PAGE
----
Note: For complete diagnostic information, QVS may also need any generated “client-side” diagnostic logs. This means that your code must enable client-side logging.
If you are using either a “COM RPAM” or “Java” client, these logs are created when the following command is issued from your client code:
Java: Set RPAMApp.setTracing(true)
COM RPAM: Set CRPAMApp->put_Tracing(1);
If this condition is met or if it is determined by QVS personnel that client-sde logs are not needed to diagnose a particular problem, proceed to the next steps.
- From a command prompt, execute the following command:
del c:\tc_nt\log\*.* (This command erases any pre-existing log files)
- Start Terminal Concentrator
- Recreate the problem
- Stop Terminal Concentrator
- Zip up all files contained in the “TC_NT\log” directory and send them to QVS personnel for analysis.
If you are running a COM RPAM client in the same machine that is running Terminal Concentrator, you have all the data you need.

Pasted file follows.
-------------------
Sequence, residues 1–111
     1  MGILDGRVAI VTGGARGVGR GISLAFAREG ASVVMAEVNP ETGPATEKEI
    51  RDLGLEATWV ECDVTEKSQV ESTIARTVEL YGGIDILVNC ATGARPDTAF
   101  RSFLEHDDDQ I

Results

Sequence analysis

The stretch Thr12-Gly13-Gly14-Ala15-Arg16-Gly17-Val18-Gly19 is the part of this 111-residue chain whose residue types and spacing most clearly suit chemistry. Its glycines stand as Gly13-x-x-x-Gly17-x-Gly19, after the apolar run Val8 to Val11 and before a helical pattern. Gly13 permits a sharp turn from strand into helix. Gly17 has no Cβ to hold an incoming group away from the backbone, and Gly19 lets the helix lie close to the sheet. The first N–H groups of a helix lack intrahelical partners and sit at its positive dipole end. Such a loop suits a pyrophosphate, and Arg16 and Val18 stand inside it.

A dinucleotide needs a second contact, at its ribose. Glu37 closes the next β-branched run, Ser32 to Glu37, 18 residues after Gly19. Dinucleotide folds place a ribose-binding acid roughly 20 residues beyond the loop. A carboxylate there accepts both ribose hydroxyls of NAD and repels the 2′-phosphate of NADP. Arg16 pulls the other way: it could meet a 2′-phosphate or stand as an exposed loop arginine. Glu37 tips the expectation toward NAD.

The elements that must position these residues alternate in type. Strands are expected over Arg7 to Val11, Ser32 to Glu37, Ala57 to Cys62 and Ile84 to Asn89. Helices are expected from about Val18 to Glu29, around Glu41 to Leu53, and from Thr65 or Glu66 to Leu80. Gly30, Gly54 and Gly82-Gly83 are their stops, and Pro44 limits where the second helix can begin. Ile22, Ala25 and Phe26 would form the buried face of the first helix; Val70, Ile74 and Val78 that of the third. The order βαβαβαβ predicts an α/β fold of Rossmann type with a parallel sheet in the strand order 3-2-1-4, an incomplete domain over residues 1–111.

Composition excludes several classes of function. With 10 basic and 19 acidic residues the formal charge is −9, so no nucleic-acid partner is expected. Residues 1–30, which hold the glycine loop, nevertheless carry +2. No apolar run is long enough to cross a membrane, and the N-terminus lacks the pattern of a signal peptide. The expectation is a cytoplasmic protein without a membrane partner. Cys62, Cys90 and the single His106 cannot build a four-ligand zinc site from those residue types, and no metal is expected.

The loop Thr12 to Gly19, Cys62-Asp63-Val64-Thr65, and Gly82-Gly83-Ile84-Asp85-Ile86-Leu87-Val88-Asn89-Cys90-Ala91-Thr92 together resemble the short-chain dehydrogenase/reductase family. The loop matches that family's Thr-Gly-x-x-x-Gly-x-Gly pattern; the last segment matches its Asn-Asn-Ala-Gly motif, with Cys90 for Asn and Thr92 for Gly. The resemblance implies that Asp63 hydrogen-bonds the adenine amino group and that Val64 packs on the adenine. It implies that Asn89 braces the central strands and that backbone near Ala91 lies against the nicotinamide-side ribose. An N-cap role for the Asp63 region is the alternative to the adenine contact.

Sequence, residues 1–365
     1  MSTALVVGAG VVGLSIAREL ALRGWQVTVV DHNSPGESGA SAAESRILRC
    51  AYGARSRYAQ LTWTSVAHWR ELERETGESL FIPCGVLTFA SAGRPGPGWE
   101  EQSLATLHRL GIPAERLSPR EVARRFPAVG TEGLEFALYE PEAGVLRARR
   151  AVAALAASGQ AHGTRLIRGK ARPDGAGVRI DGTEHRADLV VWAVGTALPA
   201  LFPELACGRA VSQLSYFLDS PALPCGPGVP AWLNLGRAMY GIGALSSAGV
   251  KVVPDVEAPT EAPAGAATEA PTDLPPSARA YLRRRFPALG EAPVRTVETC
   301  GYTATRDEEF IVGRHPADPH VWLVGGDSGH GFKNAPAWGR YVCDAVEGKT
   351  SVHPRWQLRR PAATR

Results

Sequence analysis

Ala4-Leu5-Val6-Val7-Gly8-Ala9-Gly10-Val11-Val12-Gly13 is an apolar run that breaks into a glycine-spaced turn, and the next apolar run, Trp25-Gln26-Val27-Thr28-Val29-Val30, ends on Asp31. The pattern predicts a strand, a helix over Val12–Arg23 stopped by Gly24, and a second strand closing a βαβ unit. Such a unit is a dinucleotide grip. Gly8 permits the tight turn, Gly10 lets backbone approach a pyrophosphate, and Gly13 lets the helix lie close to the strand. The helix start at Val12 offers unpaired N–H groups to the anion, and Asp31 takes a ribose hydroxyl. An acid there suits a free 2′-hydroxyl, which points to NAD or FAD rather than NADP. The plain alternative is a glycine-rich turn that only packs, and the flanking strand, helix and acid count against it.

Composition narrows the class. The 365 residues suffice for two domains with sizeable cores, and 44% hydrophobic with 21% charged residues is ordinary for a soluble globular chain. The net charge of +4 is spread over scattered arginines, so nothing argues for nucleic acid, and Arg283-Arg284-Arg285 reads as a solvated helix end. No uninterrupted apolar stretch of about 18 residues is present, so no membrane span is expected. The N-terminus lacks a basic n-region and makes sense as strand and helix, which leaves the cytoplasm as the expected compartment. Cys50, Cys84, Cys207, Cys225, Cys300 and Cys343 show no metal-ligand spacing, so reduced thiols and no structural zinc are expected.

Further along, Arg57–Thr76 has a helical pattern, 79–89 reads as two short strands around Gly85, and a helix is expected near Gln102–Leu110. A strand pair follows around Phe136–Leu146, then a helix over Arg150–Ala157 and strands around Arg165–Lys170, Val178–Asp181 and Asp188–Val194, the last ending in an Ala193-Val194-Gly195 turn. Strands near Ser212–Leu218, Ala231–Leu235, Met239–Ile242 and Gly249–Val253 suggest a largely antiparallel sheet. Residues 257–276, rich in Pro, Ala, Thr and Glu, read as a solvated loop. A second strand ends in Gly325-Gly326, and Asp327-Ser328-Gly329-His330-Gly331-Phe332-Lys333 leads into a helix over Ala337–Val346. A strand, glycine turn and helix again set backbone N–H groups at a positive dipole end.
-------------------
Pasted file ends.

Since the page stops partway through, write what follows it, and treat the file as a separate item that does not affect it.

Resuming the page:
If you are running the COM RPAM client in a machine separate from Terminal Concentrator, execute the following steps:
- Locate the LOG directory your client code is using. To locate that directory, search for the file, qvsrpam.exe. Make note of the directory name in which this file is located.
- Relative to that directory, go to the “..\log” directory to find the log files. You should find files such as “logsdbq.bin, applicq.pan, qvs1.bin, qvs1.bi1, qvs2.bin, etc.”. For example, if qvsrpam.exe were in c:\qvs, then the logs would be found in c:\log.
- Zip up these files and send them to QVS personnel for analysis.
If you are running a Java client, then you will need to retrieve logs for the java client. These logs are located in the “log” subdirectory in the directory tree in which your Java Virtual Machine (JVM) code is located. For example, if you are running JAVA.EXE located in c:\jdk1.3\bin, the logs will be located in the c:\jdk1.3\log directory. The Java log files will have names similar to “qvs1.log”, “qvs2.log”, etc. Sometimes it can be difficult to find these logs because people don’t often know here their JVM is located or because they have more than one JVM on their machine. The easiest way to find them is to do a “dir qvs?.log /s” from the root directory of the drives on the machine. Then look for the ones with a date-time stamp that corresponds with the time of the failure. Zip up these files and send them to QVS personnel for analysis.